All that being said, there is one major, unavoidable concern for the Cincinnati offense in this game: how are they going to block Aaron Donald, Von Miller, and the rest of LA’s QB-hungry front seven? The Bengals o-line was atrocious this season, ranking 31st in pass block win rate, while the Rams defense ranked 1st in pass rush win rate. That’s… umm… not good for Cincinnati. We saw Burrow get sacked 9 times (!) in the Divisional Round victory over Tennessee and it’s well-established that he’s one of the NFL’s best QBs against the blitz, but constantly running for your life and getting planted in the turf by Aaron Donald every other play isn’t exactly a recipe for success, and Burrow is staring down the barrel of that exact scenario. This game may come down to how effectively Bengals coach Zac Taylor is able to scheme around his offensive line– will we see more quick passing, and if so, does that mitigate Chase’s impact on the game?
When the Rams have the ball…
Ever since the Rams braintrust made the decision to swap Jared Goff for Matt Stafford this past offseason there’s been a “Super Bowl or bust” attitude in LA. Stafford is the proven gunslinger who served his time in one of the NFL’s dreariest destinations and now has a chance to make it big in Hollywood, but to do so he’ll have to buck his “tin man” reputation and play a good, clean game. If you’re at all familiar with Stafford as a player, you know that’s easier said than done, as he can be over-reliant on his arm strength and careless with the football at times. This unfortunate habit reared its head only occasionally in Los Angeles this season, but in Detroit (and in college, at Georgia) it was essentially Stafford’s defining characteristic. He’s thrown 161 interceptions in his career, one more than the NFL’s poster boy for underachievement and heartlessness, Jay Cutler.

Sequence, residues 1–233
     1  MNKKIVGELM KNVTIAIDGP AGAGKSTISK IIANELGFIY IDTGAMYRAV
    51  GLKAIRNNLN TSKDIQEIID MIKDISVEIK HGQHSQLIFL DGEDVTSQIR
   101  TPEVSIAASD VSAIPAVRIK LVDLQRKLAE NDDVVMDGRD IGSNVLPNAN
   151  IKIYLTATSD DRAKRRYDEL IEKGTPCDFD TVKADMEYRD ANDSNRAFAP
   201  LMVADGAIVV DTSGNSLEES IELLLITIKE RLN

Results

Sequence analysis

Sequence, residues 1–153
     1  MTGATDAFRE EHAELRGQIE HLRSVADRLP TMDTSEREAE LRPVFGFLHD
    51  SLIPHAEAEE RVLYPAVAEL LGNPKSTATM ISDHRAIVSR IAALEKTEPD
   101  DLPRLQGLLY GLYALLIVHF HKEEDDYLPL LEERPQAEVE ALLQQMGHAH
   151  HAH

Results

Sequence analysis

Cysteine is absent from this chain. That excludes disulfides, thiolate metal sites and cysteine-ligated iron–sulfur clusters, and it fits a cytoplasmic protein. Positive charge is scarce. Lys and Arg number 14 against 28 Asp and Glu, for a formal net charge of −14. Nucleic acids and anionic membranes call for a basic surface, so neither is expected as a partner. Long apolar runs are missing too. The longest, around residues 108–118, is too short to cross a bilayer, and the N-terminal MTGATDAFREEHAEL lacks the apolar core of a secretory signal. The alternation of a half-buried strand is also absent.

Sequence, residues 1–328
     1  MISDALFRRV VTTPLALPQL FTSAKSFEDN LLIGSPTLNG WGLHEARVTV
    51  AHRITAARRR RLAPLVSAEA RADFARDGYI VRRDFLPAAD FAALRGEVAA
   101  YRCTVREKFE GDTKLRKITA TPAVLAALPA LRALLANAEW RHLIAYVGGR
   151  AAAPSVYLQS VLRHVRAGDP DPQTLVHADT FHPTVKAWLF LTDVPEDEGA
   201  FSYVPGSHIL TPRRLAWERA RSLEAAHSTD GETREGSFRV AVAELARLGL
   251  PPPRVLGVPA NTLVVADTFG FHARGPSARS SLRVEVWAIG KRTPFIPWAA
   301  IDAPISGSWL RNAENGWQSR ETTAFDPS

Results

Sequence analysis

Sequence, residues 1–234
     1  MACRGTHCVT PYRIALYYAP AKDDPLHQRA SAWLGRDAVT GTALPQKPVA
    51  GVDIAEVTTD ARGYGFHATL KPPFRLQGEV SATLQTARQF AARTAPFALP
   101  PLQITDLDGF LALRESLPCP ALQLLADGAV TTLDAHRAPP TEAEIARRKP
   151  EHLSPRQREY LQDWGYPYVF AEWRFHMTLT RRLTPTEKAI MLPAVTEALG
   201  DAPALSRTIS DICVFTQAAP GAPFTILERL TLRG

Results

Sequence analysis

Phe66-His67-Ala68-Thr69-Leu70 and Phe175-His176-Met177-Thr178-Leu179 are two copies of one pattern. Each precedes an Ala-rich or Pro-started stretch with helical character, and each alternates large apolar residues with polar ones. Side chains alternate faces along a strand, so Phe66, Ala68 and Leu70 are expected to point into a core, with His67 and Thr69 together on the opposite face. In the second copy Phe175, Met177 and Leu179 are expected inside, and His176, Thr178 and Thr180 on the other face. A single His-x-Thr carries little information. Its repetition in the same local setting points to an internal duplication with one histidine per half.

When Stafford is in rhythm and playing well, however, the Rams have one of the league’s most explosive passing attacks. Cooper Kupp rewrote the record books this season at the wide receiver position, Odell Beckham has turned into a reliable second option, and Van Jefferson is very capable as well. Starting tight end Tyler Higbee will miss this game with a knee injury, however, and covering tight ends was something the Cincinnati defense struggled with this season, so Higbee’s absence may prove to be more important than some realize. The Bengals are excellent against the run, ranking 5th in the league in rush yards allowed, so if the Rams are going to move the ball, Stafford is going to have to do the heavy lifting. If the Cincy pass rushers can perform like they did in the AFC Championship game, when they consistently harassed Patrick Mahomes and wound up with four sacks, they might be able to rattle Stafford and turn the tide of the game. But if they can’t get home and Stafford is able to play a clean game, the Rams will likely hoist the Lombardi Trophy.
Despite the quality of the quarterbacks and the explosiveness of the skill-position talent in this game, I kind of get the feeling that the defenses are going to make it hard on the offenses. Joe Burrow is going to have Aaron Donald in his lap all night so I’m sure the Bengals will turn to some sort of dink-and-dunk game plan, while Matt Stafford is not likely to have much help from his running game, meaning he’ll have to take some chances and rise above his reputation of coming up small in big games. I expect a tight, competitive game but not a clean game– we’re likely to see some turnovers and mistakes, so I like all props involving turnovers, defensive touchdowns, etc. There will be some big plays in this game and they won’t all come from the offenses. When it comes down to winning time, though, I want the QB with the ice in his veins, not the one whose default mode is “skittish”.
Bengals 23, Rams 20